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House and Senate Republicans Differ on Must-Pass Transportation Funding Bills

The House passed their patch bill on July 15—it's now the Senate's turn at bat on highway funding. Both houses are controlled by Republicans but they appear to be pitching for different teams. A bill must pass by July 31 or road funding ceases.
July 20, 2015, 10am PDT | Irvin Dawid
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The five-month, $8 billion patch bill passed by the House uses funds gained from tax compliance and extending Transportation Security Administration fees to keep the Highway Trust Fund solvent through Dec. 18. On Tuesday, it's the Senate's turn. Watch for discussion on international tax codes.

Senator Mitch McConnell, the majority leader wants a multi-year extension "at the very least, (to) get the trust fund through 2016," writes Jonathan Weisman for The New York Times. "He is trying to cobble together enough spending cuts and tax-law enforcement provisions" and a host of other measures, some of which are resisted by Democrats.

One envisions selling oil from the nation’s Strategic Petroleum Reserve, which is supposed to be tapped only for energy emergencies. Another idea would tap the huge legal settlements that the largest banks have reached with the government over the housing issues that precipitated the financial collapse of 2008.

Altogether, they would approach $60 billion, enough roughly for a four-to-five-year highway bill. But Democrats are protesting one of the largest parts, a cut to the way federal employee retirement benefits are calculated.

Repatriation and Transition Taxes

And that's where a freshman Democratic Congressman from Maryland, John Delaney, comes into play—surprisingly not only for Democrats, but for House Republicans as well. His bill may have "evolved into the closest thing to consensus on infrastructure funding," writes Weisman.

"The idea: Rewrite the tax code governing United States corporations operating internationally to end the unintended incentive for those companies to leave trillions of dollars in profits overseas, and add a component taxing those overseas profits," writes Weisman. "Much of the revenue from that one-time “transition” tax would be dedicated to infrastructure spending."

In this piece, Chye-Ching Huang and Brandon DeBot of the Center on Budget and Policy Priorities explain the difference between a transition and repatriation tax.

A transition tax is a sound policy that would raise revenues for infrastructure investments or other uses; a repatriation holiday is a tax cut that loses revenue and consequently could not pay for anything.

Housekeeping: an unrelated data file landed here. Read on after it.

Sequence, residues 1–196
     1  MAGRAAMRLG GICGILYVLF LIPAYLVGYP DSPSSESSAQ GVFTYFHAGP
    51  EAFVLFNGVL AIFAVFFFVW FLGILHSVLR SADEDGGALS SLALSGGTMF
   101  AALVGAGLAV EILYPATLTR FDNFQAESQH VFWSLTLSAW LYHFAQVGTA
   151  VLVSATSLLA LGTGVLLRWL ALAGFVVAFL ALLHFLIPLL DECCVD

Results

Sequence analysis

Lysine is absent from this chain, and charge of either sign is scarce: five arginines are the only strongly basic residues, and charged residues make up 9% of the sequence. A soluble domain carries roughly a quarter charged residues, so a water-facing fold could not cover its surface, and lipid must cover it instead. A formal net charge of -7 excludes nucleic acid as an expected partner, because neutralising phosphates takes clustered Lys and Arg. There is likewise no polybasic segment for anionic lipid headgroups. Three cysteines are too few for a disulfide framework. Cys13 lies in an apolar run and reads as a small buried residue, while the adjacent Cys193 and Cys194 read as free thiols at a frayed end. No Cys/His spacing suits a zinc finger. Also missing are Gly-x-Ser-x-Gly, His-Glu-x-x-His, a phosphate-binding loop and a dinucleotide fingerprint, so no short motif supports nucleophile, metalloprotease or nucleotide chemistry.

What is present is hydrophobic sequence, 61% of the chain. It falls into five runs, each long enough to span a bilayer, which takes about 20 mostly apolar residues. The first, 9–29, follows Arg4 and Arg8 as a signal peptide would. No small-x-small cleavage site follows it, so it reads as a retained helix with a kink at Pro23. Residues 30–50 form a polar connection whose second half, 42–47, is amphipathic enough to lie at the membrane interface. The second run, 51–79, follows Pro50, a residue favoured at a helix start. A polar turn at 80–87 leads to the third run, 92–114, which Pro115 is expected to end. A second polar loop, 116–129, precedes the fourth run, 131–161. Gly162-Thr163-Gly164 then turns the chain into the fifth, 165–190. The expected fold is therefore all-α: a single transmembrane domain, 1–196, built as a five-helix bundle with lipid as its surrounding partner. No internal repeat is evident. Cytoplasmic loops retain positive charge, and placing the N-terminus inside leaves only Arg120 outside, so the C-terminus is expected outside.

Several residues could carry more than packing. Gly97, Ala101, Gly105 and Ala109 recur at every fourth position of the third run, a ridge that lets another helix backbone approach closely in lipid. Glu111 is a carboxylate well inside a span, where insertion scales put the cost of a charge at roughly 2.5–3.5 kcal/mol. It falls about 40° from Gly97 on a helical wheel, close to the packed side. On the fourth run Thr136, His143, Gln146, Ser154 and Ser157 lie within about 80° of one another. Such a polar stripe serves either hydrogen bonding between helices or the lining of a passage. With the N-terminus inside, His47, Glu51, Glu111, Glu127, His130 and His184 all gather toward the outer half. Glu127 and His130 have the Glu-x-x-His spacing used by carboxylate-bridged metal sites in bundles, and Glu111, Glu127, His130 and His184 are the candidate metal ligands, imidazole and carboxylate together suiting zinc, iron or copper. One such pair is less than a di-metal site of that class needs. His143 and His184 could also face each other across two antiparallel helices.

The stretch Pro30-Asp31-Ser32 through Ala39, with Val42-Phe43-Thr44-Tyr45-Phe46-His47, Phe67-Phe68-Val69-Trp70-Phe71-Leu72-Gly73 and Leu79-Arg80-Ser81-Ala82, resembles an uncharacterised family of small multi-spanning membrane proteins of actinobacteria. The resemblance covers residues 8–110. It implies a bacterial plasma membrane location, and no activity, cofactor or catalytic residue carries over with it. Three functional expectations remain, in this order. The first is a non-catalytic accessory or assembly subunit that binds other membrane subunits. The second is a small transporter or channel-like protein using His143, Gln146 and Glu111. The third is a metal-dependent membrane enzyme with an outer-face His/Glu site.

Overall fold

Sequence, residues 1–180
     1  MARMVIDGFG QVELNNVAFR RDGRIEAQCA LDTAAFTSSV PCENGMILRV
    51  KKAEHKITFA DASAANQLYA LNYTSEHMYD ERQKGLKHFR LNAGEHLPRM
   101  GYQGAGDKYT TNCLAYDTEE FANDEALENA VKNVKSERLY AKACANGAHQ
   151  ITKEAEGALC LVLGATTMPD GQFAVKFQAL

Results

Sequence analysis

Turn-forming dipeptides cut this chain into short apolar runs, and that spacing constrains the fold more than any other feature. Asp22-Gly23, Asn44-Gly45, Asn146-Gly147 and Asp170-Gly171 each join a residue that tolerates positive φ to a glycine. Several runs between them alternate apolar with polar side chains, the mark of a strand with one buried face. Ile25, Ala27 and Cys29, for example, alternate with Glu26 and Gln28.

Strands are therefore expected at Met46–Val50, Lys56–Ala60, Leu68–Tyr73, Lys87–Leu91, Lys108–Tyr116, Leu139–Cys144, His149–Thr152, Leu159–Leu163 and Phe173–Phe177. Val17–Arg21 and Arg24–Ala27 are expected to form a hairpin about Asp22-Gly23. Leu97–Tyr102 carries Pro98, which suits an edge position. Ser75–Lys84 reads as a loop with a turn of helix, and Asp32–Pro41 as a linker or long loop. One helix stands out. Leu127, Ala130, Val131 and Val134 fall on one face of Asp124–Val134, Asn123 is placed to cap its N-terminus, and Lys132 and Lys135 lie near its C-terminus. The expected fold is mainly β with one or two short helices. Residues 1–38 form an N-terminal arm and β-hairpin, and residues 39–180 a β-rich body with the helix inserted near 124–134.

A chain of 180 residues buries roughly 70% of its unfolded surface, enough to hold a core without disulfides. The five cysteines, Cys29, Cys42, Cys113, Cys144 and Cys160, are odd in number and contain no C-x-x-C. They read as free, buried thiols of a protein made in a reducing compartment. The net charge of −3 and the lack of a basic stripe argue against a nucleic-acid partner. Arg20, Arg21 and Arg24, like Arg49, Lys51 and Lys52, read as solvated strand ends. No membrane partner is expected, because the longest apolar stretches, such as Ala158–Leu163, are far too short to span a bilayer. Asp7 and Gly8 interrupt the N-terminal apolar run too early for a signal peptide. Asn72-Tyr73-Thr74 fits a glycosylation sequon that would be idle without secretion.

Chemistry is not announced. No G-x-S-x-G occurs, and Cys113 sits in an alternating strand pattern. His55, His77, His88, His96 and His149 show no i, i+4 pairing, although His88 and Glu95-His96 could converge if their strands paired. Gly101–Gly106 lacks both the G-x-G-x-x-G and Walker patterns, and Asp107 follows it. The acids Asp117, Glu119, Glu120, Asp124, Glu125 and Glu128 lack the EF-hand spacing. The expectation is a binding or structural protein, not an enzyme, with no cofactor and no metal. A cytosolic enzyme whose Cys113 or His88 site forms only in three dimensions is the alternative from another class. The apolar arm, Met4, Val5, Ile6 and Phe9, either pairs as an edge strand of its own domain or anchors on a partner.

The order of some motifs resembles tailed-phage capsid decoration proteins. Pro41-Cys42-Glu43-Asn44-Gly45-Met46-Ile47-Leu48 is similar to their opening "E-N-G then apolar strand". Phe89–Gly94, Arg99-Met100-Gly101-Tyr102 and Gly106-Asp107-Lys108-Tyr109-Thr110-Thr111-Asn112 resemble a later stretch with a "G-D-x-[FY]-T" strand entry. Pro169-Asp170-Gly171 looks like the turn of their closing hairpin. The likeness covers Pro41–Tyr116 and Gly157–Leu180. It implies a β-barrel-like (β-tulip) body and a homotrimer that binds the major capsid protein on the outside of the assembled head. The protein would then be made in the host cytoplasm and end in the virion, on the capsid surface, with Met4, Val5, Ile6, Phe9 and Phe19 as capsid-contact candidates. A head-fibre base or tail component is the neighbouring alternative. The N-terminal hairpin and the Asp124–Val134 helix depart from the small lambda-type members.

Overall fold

"There is strong momentum in both parties for using international tax reform, a fiscally-responsible pro-growth approach that will create jobs and allow us to invest in our future," states Delaney in his press release on the Infrastructure 2.0 Act. "The House has passed an extension that gives us the time we need to get a robust bipartisan six-year highway bill done."

During the House floor debate on July 15, a frustrated Paul Ryan (R-Wis.), sponsor of H.R.3038 - Highway and Transportation Funding Act of 2015, Part II, responded to calls for a multi-year bill by stating, "international tax code law can't be rewritten in two weeks," which is when the current transportation extension ends.

"Delaney’s Infrastructure 2.0 Act uses deemed repatriation at 8.75% to fund a six-year highway bill at increased levels and create a new infrastructure fund," according to Delaney. It differs from the president's proposal which taxes at 14 percent. The Tax Foundation slammed Obama's tax proposal, calling it the "Worst of Retroactive Policy."

Gas taxes anyone?

At this point you might be asking, "What about raising the gas tax?" On this this question, leaders of both parties in the House and Senate agree: Fugetaboutit!

Heather Caygle of Politico writes: "And for all those gas tax lovers out there (I’m looking at you, Chamber of Commerce and AFL-CIO), Sen. Chuck Schumer (D-N.Y.) had this to say: “No party supports raising the gas tax, including me,” he told a gaggle of reporters Thursday. “The vast majority on both parties do not support raising the gas tax. There are some individuals on each side who would be willing to do it.”

That's not a good sign for those who believe user fees should fund highways. Schumer is expected to replace Sen. Harry Reid as the next Senate Minority Leader.

Burgess Everett, congressional reporter for Politico, adds, "Senate Majority Leader Mitch McConnell on (July 8) ruled out raising the gas tax as a way to fill the Highway Trust Fund’s dwindling coffers. Without an infusion of cash, the fund will run out of money at the end of July."

Full Story:
Published on Thursday, July 16, 2015 in New York Times
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